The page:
The ability to obtain maximum results from meetings in which interests conflict both in terms of content and maintaining good relations.
knows how to handle objections in negotiations
is well prepared when entering negotiations
knows what his/her objectives are and sticks to them
pays attention to both verbal and non-verbal behavior of the other person
handles objections well in negotiations
comes forward with the right argumentation at the right moment
looks for common interests in negotiations
decides on forehand what his/her limits and possible concessions will be
knows when to give in during negotiations
looks for (medium) long-range win-win situations
offers others argumentation for a good negotiation result
makes responsible concessions when possible
takes care of a proper preparation before entering a negotiation
makes sure that others negotiate within the organization's terms
makes sure that others know what the parameters for negotiations are
knows the interests and points of view of other organizations during negotiations
creates the right conditions during negotiations
Negotiating can be easily developed if the candidate has a more than average score (7,8,9) on the drives Dominance, Purposiveness and Social empathy.
Describe a situation in which your negotiation turned out differently than you had expected. What happened? What was the result?
Describe a situation in which your negotiation turned out exactly as you had planned. What happened? What did you do? Why did everything go according to plan?
Could you give an example of a situation in which you estimated the other party’s motives, wishes, or feelings wrongly?
Could you give an example of a negotiation in which you felt put under pressure? What consequences did this have for the negotiation’s outcome?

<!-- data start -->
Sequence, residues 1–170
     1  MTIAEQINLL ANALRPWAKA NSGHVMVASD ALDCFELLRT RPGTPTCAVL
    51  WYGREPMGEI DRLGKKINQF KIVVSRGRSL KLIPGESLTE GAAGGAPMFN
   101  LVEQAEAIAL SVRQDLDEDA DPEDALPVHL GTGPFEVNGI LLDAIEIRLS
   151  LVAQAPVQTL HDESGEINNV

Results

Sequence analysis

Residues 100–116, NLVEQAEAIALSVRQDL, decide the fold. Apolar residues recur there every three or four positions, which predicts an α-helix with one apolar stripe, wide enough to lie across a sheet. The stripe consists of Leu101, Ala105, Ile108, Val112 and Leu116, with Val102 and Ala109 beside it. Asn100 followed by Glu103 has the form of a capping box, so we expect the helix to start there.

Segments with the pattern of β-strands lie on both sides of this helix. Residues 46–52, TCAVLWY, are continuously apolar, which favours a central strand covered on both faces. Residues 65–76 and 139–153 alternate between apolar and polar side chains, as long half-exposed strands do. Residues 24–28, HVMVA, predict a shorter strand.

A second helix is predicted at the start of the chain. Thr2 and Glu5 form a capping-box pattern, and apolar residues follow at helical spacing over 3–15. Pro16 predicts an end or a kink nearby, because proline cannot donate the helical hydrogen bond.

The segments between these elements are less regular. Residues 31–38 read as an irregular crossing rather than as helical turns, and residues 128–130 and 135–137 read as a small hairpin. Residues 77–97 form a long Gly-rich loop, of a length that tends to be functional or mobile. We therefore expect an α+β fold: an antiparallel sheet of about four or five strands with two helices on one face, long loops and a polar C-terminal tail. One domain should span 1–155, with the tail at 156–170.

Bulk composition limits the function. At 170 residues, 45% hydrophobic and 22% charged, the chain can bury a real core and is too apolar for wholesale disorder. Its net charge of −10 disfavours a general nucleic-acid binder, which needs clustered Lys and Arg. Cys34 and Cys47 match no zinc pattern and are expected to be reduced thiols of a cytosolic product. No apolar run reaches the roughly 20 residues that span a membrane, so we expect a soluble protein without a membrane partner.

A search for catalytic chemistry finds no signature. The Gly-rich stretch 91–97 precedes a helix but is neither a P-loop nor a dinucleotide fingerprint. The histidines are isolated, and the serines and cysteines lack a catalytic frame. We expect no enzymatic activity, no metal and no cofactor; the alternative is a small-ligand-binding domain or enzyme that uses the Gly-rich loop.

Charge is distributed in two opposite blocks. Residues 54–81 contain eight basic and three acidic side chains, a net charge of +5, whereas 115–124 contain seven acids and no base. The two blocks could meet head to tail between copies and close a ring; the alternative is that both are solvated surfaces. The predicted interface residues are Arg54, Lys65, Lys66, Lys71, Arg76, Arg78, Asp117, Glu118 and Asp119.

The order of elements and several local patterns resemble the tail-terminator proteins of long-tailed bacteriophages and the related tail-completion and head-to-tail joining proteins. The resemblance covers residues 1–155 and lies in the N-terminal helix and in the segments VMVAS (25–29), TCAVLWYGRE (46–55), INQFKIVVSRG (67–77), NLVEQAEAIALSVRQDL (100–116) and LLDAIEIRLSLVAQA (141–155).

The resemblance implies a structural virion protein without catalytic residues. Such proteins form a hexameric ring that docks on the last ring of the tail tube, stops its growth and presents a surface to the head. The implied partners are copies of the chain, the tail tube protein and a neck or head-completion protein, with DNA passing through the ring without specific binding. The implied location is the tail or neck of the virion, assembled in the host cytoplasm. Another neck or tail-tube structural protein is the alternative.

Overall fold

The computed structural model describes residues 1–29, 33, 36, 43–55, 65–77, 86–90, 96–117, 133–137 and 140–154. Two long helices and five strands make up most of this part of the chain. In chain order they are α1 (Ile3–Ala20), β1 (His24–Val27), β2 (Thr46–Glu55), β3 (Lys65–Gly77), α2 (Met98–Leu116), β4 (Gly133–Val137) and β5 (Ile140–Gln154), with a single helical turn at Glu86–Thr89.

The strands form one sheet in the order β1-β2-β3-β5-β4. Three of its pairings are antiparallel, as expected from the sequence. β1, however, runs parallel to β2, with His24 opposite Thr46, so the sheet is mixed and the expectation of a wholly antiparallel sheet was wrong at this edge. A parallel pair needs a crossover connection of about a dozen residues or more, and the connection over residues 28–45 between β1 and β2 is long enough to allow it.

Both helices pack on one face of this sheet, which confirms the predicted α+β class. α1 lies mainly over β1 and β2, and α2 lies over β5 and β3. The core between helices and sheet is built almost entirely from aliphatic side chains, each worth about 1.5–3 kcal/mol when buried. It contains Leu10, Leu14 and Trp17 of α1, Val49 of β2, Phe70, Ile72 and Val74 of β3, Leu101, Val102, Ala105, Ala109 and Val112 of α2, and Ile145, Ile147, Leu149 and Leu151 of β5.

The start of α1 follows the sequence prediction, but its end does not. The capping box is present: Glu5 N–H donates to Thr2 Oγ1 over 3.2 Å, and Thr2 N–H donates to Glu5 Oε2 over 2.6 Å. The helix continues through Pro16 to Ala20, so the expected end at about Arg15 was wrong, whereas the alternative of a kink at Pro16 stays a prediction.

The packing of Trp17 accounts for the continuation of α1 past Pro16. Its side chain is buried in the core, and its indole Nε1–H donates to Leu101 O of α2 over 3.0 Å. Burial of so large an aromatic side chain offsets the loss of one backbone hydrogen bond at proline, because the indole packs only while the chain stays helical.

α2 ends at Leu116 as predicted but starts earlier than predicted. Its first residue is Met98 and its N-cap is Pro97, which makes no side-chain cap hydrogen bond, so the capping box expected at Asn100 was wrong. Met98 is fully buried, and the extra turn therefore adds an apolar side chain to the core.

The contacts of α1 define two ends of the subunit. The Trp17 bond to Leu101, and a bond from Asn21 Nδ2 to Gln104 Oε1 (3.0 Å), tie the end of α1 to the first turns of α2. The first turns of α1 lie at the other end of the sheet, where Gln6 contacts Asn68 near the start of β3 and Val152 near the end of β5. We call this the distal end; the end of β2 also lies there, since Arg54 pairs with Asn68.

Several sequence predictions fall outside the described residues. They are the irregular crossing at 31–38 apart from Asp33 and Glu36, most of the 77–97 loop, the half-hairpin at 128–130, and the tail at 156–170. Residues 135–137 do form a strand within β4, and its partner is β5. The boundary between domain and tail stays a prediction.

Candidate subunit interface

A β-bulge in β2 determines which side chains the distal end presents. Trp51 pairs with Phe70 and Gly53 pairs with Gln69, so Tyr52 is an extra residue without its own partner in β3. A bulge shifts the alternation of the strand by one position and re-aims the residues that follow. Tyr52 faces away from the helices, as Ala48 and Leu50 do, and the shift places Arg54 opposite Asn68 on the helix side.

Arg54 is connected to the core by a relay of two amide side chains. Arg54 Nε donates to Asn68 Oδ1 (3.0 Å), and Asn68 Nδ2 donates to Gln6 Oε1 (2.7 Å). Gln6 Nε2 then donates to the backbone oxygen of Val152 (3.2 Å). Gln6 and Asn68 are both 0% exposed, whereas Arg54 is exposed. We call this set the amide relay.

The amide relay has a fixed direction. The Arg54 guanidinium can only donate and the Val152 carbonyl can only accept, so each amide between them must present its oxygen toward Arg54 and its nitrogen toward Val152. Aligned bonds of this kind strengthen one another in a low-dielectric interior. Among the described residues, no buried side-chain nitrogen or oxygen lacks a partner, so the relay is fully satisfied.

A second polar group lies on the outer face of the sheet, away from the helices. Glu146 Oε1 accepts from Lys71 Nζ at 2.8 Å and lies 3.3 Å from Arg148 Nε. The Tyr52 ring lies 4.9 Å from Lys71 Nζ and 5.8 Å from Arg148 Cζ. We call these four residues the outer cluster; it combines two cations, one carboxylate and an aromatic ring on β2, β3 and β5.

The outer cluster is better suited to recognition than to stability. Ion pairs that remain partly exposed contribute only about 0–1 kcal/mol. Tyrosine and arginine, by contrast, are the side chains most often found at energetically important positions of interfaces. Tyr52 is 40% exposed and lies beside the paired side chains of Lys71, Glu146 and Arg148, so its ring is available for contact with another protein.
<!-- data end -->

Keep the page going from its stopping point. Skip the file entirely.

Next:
Could you give an example of a risk you took in a negotiation that turned out badly?
Prepare your negotiation talks well. What are your objectives? Which problems do you foresee and how do you plan to deal with them? What are your common interests?
During negotiations, pay attention to the other party’s words and non-verbal signals in order to figure out what their motives and interests are. Try and address these interests strategically.
Dare to say ‘no’.
Consider the effect of your behavior on others.
Check whether an obtained result is really acceptable to the other party.
Encourage your candidate to ask ‘open questions’: questions that cannot be answered with ‘yes’ or ‘no’ (and often begin with ‘who’, ‘what’, ‘where’, ‘which’, or ‘how’).
Advice your candidate to always listen carefully to others.
Encourage your candidate to invest time and attention in another person and to express this interest physically e.g. by shaking hands, looking the other person in the eye, sitting upright.
Explain the importance of being aware of the customer’s interests and, possibly, hidden agenda.
Ask your candidate to take careful notice of another person’s verbal signals and body language while talking to him. Explain that the two may diverge - which can be to his advantage.
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